Using Calm-Down Strategies

In a previous post, we discussed strategies for helping your students  1) identify and 2) measure their emotions using the Feelings Chart and the Feelings Thermometer. This week, we shift our focus to the third and final step – helping students 3) manage their emotions.

Source: iStock/Little Girl Posing

After recognizing what it is that they are feeling, students need to know what to do with these feelings. Have you ever tried to reason with one of your students after their drawing accidentally gets ruined? How about when they have just been told that there isn’t enough time to play their favorite game? Most likely, it didn’t go so well! Just like adults, it’s hard for children to control what they do and say when their emotions become too strong. Calm-Down Strategies refer to different ways for students to calm their bodies when they are feeling (or starting to feel) overwhelmed by an emotion. Read on to explore some example strategies.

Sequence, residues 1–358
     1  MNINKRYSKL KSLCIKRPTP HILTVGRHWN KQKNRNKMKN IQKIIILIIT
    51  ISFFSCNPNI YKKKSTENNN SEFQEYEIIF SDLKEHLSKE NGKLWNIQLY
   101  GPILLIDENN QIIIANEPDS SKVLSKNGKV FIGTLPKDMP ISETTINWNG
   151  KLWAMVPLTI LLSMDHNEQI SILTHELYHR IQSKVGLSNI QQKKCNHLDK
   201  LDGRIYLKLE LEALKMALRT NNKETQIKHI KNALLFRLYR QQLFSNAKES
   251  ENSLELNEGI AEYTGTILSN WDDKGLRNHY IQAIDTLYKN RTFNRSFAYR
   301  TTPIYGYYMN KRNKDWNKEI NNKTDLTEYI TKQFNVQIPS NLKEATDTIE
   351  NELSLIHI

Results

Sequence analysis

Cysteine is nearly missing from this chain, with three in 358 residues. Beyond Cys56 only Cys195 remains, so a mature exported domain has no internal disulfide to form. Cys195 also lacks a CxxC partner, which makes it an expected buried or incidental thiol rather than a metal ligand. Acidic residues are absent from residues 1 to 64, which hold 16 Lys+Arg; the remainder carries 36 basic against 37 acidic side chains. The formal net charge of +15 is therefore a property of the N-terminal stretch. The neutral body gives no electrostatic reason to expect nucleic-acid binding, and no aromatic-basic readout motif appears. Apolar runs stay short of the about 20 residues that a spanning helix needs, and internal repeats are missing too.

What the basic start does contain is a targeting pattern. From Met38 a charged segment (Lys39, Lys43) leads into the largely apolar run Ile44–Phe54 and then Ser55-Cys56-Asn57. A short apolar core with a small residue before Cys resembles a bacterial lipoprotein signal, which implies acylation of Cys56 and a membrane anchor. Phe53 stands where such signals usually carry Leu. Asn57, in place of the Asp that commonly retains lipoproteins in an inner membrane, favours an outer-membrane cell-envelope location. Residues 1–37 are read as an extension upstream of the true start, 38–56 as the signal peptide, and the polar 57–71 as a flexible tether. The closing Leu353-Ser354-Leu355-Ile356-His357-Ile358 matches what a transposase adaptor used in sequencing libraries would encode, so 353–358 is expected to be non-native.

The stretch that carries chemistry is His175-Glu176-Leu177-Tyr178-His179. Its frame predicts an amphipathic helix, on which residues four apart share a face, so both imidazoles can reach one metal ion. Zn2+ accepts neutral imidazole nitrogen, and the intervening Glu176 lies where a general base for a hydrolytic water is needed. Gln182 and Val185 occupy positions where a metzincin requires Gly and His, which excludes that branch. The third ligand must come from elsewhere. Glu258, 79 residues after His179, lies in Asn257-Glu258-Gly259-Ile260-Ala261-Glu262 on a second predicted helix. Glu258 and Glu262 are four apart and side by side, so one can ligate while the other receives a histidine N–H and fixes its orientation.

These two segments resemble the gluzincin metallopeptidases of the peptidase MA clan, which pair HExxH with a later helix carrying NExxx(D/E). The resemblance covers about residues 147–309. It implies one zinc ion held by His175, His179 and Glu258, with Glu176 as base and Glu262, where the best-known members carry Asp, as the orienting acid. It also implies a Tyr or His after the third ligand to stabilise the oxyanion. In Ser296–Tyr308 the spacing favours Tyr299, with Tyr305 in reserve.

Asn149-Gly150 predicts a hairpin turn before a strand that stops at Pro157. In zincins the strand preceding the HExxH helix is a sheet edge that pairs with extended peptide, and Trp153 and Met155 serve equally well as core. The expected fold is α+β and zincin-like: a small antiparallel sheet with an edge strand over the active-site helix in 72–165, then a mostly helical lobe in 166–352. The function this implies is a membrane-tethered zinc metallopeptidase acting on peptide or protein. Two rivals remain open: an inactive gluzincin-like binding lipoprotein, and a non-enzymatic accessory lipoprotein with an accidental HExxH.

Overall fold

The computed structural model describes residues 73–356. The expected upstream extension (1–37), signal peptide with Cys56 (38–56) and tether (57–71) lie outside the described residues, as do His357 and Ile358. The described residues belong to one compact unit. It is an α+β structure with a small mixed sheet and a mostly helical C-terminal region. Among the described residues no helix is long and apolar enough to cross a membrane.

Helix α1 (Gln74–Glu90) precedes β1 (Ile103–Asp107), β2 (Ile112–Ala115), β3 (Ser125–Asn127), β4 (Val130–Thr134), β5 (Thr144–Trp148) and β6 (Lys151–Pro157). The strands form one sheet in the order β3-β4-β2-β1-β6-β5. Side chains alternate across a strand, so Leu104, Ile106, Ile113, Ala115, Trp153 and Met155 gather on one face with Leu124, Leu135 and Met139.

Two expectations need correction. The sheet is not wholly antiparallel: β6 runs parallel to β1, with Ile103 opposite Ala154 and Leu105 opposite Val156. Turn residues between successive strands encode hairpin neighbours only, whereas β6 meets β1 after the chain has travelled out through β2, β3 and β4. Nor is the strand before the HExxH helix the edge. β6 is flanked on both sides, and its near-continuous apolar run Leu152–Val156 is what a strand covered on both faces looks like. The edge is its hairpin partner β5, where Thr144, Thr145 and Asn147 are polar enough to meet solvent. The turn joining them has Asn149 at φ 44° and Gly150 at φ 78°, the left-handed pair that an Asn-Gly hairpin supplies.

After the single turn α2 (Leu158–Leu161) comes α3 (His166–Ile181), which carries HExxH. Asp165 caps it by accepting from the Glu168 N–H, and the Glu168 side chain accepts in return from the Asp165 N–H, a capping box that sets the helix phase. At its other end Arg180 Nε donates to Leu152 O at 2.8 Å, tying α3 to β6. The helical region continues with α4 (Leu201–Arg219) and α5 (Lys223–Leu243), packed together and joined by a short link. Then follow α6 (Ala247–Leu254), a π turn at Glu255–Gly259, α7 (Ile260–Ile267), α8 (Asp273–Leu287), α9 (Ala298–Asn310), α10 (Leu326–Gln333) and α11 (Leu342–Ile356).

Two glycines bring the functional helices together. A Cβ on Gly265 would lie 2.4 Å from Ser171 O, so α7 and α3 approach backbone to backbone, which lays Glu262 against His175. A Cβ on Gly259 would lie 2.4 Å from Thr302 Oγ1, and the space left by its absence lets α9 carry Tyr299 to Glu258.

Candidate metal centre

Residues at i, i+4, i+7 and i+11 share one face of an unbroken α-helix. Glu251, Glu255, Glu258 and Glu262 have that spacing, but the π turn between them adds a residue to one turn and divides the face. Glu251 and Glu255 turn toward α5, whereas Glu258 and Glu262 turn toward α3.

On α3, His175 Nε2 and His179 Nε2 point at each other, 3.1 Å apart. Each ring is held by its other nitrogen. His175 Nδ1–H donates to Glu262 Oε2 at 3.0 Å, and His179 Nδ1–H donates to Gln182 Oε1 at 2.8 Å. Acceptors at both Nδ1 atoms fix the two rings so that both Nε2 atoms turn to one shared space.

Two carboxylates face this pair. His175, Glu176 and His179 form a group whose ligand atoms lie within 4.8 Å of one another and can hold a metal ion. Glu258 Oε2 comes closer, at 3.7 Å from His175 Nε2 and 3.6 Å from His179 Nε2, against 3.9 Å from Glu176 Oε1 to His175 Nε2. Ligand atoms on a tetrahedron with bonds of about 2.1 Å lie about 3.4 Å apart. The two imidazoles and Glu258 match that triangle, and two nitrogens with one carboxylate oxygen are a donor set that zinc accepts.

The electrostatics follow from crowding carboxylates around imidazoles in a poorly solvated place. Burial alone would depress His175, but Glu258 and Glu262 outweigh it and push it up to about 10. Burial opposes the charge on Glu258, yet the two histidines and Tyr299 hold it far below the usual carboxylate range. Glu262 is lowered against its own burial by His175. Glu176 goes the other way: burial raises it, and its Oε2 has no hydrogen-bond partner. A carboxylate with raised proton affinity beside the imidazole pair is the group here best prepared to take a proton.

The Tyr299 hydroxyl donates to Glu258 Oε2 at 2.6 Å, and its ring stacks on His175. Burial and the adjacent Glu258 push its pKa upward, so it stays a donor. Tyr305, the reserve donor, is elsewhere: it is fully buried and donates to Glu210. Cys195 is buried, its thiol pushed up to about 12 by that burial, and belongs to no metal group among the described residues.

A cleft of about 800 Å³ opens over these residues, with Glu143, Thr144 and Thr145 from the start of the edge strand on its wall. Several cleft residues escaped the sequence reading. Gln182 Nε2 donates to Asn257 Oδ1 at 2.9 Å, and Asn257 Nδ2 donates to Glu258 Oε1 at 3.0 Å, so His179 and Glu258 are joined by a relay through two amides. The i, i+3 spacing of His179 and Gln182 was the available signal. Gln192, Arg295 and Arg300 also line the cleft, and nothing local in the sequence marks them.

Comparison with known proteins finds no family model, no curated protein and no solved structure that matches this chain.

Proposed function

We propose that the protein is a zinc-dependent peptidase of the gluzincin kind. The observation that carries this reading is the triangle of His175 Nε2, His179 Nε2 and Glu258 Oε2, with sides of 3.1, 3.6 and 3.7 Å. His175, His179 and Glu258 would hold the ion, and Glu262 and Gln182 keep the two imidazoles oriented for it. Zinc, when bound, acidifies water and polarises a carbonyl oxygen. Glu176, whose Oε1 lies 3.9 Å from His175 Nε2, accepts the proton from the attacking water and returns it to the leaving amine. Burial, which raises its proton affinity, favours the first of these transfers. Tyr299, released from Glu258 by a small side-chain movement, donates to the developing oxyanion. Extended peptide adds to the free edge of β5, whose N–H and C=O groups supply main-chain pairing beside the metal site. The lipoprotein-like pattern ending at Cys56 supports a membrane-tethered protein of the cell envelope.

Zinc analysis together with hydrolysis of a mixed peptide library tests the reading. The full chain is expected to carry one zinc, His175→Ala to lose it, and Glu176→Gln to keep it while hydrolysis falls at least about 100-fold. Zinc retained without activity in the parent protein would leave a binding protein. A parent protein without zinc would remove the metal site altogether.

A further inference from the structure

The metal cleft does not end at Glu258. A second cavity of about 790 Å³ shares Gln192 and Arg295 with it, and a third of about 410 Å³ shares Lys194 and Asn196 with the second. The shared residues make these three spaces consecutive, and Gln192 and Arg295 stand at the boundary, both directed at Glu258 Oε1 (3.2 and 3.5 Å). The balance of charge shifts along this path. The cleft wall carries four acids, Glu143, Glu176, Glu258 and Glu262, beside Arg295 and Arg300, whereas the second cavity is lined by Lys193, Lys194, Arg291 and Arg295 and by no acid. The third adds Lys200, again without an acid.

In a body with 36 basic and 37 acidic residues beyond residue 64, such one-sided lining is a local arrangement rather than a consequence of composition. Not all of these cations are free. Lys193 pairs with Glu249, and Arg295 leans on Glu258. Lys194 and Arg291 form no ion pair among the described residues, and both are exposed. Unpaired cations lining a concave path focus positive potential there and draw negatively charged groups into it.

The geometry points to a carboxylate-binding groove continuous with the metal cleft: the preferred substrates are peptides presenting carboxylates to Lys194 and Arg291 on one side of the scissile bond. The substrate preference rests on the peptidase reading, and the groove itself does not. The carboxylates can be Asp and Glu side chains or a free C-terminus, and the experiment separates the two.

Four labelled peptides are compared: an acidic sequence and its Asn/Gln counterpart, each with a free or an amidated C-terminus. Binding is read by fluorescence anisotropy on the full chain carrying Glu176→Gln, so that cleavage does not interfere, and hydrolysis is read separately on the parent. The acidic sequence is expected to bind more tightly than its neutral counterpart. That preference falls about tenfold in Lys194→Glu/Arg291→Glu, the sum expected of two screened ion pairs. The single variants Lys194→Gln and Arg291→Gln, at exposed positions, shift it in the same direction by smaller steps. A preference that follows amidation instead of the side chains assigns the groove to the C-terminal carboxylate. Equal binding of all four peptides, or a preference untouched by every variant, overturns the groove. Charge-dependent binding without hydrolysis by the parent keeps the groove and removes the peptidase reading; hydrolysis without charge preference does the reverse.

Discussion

Calm-Down Strategies

  • Help student slowly count to ten.
  • Work through some deep belly breathing:

Breathe in for 2 seconds, hold for 2 seconds, breathe out for 3-4 seconds, repeat.

  • Use the Turtle Technique:

Guide students through four calm-down steps alongside “Tucker Turtle.” Materials can be found here. (For a refresher, see Introduction to the Turtle Technique.)

  • Progressive muscle relaxation:

Talk student through tighten and release of different body parts one at a time (e.g., clench and release toes, then legs, then thighs, etc.).

  • Calm-down phrases:

Say aloud or repeat a phrase that provides comfort and reassurance (e.g., “I’m right here with you.”, “We’ll get through this together.”).

  • Mental imagery:

Ask student to picture and describe aloud a favorite place or memory.

  • Take a break:

Provide a “calm-down spot” where students can take a break and regroup, or give opportunity to take a quick walk.

  • Alternative activity:
Source: iStock/Nadezhda1906

Provide opportunity to draw, color, listen to music, read a book, etc.

  • Fidget toys:

For those who could benefit from sensory input, have items available to channel their energy into (e.g., play-dough, stress ball).

Remember! Calm-Down strategies aren’t just for when students are at their limit. In fact, it is just as important to use these strategies when you notice an emotion starting to build in order to prevent it from becoming too strong!

More questions? VKRP provides support via the online chat feature when you are in the system, via email vkrp@virginia.edu, and via toll free 866-301-8278 ext. 1